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Subject: Re: [boost] [guidelines] why template errors suck
From: Doug Gregor (doug.gregor_at_[hidden])
Date: 2010-09-28 19:01:02

On Tue, Sep 28, 2010 at 10:45 AM, Mathias Gaunard
<mathias.gaunard_at_[hidden]> wrote:
> On 28/09/10 18:33, David Abrahams wrote:
>> At Tue, 28 Sep 2010 10:00:54 -0500,
>> Andrew Sutton wrote:
>>> It seems to me that writing constraints in terms of valid
>>> expressions gives you flexibility when you want it, but doesn't
>>> preclude the strengthening of requirements when needed.
>> It's not that there's anything you *can't* express with valid
>> expressions, it's that they're difficult to use correctly, and the
>> most natural way of using them creates a big mess for algorithm
>> writers.  Furthermore, they don't offer any compelling value over the
>> alternative.
> Please demonstrate how you check that a type models a concept without using
> a set of valid expressions to define the concept, but only with signatures
> in an archetype-like fashion.

See []p4 in

> My insight is that you can't.

There are several ways to accomplish this. The concepts proposal cited
above mapped signatures to valid expressions when checking a type
against a concept, but one could also perform a signature match with
varying degrees of "fuzziness" (for references, convertibility, etc.).

> Therefore what compelling value expressions give over archetypes becomes
> fairly obvious: they do what we want, while archetypes don't and do
> something different.

Having spent several years engrossed in concepts, I can tell you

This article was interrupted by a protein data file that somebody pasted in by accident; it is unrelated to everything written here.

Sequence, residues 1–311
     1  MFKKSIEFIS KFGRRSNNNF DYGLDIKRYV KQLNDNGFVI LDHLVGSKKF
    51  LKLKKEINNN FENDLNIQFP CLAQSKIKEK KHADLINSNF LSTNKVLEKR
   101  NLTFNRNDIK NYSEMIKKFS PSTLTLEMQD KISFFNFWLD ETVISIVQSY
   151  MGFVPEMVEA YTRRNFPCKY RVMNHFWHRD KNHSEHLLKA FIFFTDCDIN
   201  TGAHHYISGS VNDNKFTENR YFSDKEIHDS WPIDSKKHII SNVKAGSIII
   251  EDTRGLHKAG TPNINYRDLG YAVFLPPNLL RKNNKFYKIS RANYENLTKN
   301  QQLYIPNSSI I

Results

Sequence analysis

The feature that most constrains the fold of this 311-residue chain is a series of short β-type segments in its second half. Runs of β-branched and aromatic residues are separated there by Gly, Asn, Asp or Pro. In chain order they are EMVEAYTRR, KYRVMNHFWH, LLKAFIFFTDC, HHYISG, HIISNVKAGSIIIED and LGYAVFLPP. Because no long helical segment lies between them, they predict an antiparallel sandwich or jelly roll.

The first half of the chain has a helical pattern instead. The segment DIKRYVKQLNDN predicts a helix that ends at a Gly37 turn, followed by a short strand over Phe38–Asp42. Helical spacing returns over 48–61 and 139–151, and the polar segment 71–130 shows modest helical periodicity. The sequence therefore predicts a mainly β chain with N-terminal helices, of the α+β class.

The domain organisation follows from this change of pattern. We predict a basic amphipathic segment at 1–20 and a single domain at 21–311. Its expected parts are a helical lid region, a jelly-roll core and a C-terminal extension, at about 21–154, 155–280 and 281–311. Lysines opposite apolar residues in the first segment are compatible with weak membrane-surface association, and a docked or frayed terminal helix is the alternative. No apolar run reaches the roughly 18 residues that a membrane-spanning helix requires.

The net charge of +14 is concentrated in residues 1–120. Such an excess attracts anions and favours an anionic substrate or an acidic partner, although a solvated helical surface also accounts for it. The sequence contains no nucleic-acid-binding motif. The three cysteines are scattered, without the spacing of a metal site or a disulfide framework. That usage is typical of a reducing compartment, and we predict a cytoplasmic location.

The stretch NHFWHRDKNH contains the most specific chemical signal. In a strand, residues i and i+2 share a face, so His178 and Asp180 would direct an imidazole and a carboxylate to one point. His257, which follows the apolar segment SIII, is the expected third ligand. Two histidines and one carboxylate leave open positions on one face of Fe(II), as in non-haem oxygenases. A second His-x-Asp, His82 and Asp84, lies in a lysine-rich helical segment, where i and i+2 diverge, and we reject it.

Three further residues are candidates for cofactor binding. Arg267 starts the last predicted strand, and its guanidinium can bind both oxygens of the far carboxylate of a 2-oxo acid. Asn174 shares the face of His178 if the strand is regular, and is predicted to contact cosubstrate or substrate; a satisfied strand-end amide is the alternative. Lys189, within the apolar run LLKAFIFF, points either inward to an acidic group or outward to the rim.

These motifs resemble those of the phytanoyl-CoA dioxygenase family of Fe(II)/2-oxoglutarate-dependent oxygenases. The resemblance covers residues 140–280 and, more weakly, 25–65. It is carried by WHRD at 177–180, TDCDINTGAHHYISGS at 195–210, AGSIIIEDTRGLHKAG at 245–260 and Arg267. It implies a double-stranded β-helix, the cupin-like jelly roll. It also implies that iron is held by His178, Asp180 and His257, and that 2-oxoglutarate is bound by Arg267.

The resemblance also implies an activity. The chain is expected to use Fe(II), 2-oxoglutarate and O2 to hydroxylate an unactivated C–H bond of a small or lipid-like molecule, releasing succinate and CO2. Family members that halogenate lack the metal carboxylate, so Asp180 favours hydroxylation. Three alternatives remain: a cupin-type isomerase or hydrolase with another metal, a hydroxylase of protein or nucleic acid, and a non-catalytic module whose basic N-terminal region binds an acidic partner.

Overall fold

outright that valid expressions rarely "do what we want" from the
type-checking perspective. There's a simple example from earlier in
this thread:

>>>bool(f != l)

>>Isn't bool(x) equivalent to (bool)x? I think that's valid code for
>>any x.

>That's valid code for any object x of a built-in type or that is implicitly convertible to any built-in type.

Since the valid expression has the conversion written explicitly, as a
function-style cast, a class type with an explicit conversion to bool
(or any built-in type) would also meet the requirements of this valid
expression. The obvious point here is that the simplest valid
expression we've seen in this discussion has already been
misinterpreted. But, that's not the interesting part.

Say we have values "f" and "l" in a constrained template with the
valid expression "bool(f != l)". What can we write in the constrained
template, such that we're sure it will instantiate correctly?

  bool(f != l)

Yep, that works. It's just like the valid expression shows.

  (bool)(f != l)

Yep, that works, since function-style and C-style casts have the same behavior.

  if (f != l)

Yes, that works, because this is contextual conversion to bool, so
explicit conversion operators will be considered.

  bool result = f != l;

Nope, doesn't work, because we only said that we require an explicit
cast to "bool" to work. The constrained template must be considered
ill-formed, or you've lost type soundness.

  if (!(f != l))

Nope, doesn't work, because we only said that f != l must be
explicitly convertible to bool; we didn't say that it needed to have a
valid ! operator.

  some_function_template(f != l); // where template<typename T> void

what does 'T' deduce to in this case? How would we describe the other
requirements on the result type of f != l, so that we could ensure
that the we meet some_function_template's constraints on 'T'?

> You said it yourself: expressions are only half the solution; archetypes are
> the other half. They're not the whole and they're no substitute for using
> expressions to define and test concepts.

The whole point of concepts is that they have to be both. One
description allows you to type-check a template definition and check a
type against the requirements of a concept, and when both pass, you
want to guarantee that the template instantiates property. That's
type-soundness, and it is a fundamental goal of concepts.

Valid expressions are fine for checking whether a type conforms to a
concept, but they're poor at describing requirements for type-checking
templates. Signatures naturally support type-checking in templates,
and also make it fairly easy to check whether a type conforms to a

  - Doug

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